Three Propositions on Zones

Mithilesh Kumar October 23, 2012

A Case Study of Delhi


This paper makes three propositions on special economic zones as a site for production of new laboring subjects and the simultaneous spatial, social and cognitive reorganization that takes place. It is a contested phenomenon where both the state and the subject reconstitute and redefine themselves. While the state and the corporations want to have an ‘ideal’ laboring subject forged on the basis of their agenda, the subject is not an unquestioning agent. The state constantly strives to perfect its expertise on governing the new subject while the subject tries to preserve its autonomy and challenge the boundaries of the physical zone. In this piece, I build on the arguments made by Timothy Mitchell in Rule of Experts, where he analyzes how experts continue to reproduce the colonial discourse. I take the position that the laboring subject also accumulates knowledge and expertise by challenging the discourse of the experts.

Before ‘Zone’, the word that was in vogue ’belt‘. In India’s national imaginary it was common to hear descriptions like ‘the tribal belt’, ‘the coal belt’ or ‘the naxalite belt’. These spaces were discrete and spread across the country and the word ‘belt’ testified to their uniqueness. The shift from belt to zone is not a quibble over vocabulary. In fact, the shift in words involves a leap in how spaces are conceptualized and governed. ’Belt‘ was a description of a static space, and implied a centre that acted on these spaces. Zones, on the other hand, are spaces of constant mobility of capital and labour. They imply homogeneity and standardization and, at the same time, spaces that are inherently transitory. In this piece, I make three propositions about Zones: first, Zones as a topological space; second, Zones as a site of conflict and accumulation of knowledge through workers’ struggle; and third, the unplanned, ungoverned and ungovernable production of zones.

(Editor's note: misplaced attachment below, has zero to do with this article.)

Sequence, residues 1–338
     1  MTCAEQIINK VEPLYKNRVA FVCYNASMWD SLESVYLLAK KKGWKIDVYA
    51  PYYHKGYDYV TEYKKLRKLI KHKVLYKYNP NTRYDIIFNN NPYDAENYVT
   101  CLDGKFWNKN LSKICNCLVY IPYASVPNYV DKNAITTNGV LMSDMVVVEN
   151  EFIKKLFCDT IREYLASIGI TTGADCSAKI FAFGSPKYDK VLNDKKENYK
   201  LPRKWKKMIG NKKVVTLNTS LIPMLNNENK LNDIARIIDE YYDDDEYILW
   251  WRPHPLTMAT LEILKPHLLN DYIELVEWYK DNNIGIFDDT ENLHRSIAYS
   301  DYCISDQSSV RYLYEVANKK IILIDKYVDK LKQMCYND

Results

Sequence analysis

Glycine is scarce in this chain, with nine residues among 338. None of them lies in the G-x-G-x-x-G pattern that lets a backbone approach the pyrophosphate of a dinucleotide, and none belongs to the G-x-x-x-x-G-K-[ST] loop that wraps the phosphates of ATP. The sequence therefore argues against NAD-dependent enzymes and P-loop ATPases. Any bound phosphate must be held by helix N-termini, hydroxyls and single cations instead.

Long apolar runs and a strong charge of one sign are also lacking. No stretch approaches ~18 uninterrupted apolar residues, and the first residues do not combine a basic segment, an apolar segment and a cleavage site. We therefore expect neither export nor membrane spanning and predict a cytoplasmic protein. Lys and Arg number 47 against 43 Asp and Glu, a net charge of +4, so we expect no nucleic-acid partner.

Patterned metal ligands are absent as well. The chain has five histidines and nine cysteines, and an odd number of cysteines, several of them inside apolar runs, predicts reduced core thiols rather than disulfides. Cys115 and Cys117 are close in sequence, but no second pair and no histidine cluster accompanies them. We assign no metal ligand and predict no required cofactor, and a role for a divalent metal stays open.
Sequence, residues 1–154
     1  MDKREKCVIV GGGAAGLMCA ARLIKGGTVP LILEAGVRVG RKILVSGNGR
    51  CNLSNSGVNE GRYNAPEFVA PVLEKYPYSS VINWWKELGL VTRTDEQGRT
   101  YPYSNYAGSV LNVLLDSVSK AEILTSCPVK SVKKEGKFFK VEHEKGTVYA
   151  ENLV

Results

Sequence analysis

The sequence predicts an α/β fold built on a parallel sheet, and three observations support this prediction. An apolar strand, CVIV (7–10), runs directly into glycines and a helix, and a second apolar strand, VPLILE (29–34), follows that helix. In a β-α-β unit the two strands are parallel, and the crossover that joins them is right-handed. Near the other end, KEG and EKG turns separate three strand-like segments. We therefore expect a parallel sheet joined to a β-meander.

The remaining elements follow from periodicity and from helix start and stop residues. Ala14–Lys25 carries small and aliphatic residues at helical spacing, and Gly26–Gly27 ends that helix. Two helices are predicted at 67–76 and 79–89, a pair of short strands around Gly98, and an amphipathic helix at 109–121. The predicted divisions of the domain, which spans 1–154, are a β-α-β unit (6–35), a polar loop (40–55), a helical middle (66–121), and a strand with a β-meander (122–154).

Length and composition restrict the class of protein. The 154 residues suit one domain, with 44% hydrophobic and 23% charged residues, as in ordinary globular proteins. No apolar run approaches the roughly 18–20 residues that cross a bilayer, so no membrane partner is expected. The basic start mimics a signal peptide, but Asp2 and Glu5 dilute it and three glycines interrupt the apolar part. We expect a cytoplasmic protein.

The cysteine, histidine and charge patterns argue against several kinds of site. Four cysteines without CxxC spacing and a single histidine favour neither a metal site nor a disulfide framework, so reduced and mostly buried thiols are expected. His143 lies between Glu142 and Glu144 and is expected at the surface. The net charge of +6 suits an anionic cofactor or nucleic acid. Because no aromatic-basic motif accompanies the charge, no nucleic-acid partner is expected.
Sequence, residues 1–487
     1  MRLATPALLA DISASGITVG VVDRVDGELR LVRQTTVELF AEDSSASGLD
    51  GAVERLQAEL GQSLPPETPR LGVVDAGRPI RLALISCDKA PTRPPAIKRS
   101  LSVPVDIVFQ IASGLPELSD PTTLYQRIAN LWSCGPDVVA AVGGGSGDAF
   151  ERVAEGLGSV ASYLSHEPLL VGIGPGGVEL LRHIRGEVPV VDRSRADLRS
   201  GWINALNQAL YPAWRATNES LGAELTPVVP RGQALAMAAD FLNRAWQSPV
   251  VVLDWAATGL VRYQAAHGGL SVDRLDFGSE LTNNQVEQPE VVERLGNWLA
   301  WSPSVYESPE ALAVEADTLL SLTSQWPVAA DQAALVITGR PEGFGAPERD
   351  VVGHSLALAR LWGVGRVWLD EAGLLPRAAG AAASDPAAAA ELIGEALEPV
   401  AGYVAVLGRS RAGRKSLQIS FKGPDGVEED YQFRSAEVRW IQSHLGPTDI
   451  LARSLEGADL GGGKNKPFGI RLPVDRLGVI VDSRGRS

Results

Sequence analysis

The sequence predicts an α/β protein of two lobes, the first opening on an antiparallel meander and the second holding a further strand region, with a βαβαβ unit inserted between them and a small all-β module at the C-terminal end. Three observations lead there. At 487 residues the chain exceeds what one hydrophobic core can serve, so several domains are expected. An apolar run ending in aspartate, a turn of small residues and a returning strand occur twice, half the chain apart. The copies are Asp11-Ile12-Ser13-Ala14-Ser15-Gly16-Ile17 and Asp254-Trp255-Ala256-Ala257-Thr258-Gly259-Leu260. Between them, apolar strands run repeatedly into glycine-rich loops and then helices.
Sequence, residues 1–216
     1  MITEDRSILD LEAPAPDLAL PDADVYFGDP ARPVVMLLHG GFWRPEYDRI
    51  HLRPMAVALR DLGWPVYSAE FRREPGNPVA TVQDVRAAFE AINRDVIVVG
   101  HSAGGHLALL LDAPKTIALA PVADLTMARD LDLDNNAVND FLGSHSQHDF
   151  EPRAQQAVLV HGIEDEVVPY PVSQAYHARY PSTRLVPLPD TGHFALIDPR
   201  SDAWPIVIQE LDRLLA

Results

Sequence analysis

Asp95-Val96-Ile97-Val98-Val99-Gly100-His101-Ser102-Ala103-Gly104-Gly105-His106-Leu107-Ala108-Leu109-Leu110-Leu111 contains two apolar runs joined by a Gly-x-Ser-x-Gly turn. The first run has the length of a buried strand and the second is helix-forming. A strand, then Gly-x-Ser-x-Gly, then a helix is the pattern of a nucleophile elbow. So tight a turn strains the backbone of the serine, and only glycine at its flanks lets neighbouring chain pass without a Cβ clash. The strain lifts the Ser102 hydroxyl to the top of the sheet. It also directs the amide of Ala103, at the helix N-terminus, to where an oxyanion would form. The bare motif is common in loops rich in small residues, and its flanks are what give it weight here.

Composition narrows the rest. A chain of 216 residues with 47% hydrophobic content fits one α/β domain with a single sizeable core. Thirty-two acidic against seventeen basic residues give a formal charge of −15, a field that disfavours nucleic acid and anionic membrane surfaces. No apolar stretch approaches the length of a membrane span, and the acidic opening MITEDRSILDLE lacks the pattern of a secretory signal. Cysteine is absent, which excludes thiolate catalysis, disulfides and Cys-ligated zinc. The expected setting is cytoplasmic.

In ’Between Inclusion and Exclusion: On the Topology of Global Space and Borders’, Mezzadra and Neilson offer a critique of the topological approach in the study of borders. The first proposition is derived from their work. The textbook definition of topology is: ’a major area of mathematics concerned with properties that are preserved under continuous deformations of objects, such as deformations that involve stretching, but no tearing or gluing’. This definition is an apt description of how special economic zones can be conceived as unbounded space. This property of the zone can be seen in the way production is carried out. Maruti Suzuki’s website tells us that a car is rolled out every 23 seconds from their production line and the total process time from Blanking to Rolling out of a vehicle is 12.5 hours. However, it is what these figures hide that is more fascinating. They do not say that rubber hoses for carburetors are made in Mujesar, a village in Faridabad. Or that inside the huts of this village people work on 1970s machines of German origin. This space is made invisible by the zone and what is more disturbing is that the workforce in this space is made invisible too. The move to consider special economic zones as a topological space, a space that can be stretched to include the site which is not ostensibly a part of SEZ changes its property and the way we conceptualize production, labour and creation of surplus value in new working conditions. As mentioned above, the SEZ is also transitory. Honda SIEL Power Products Ltd. had a factory in Rudrapur in Uttaranchal. According PUDR, the company tried to move the core machinery from the factory to Greater NOIDA in 2002 and created a new production site in Pondicherry to avail tax breaks. This shows that SEZs are not treated as a permanent site of production but an expedient and contingent arrangement open to abandonment and thus a simply transitory arrangement.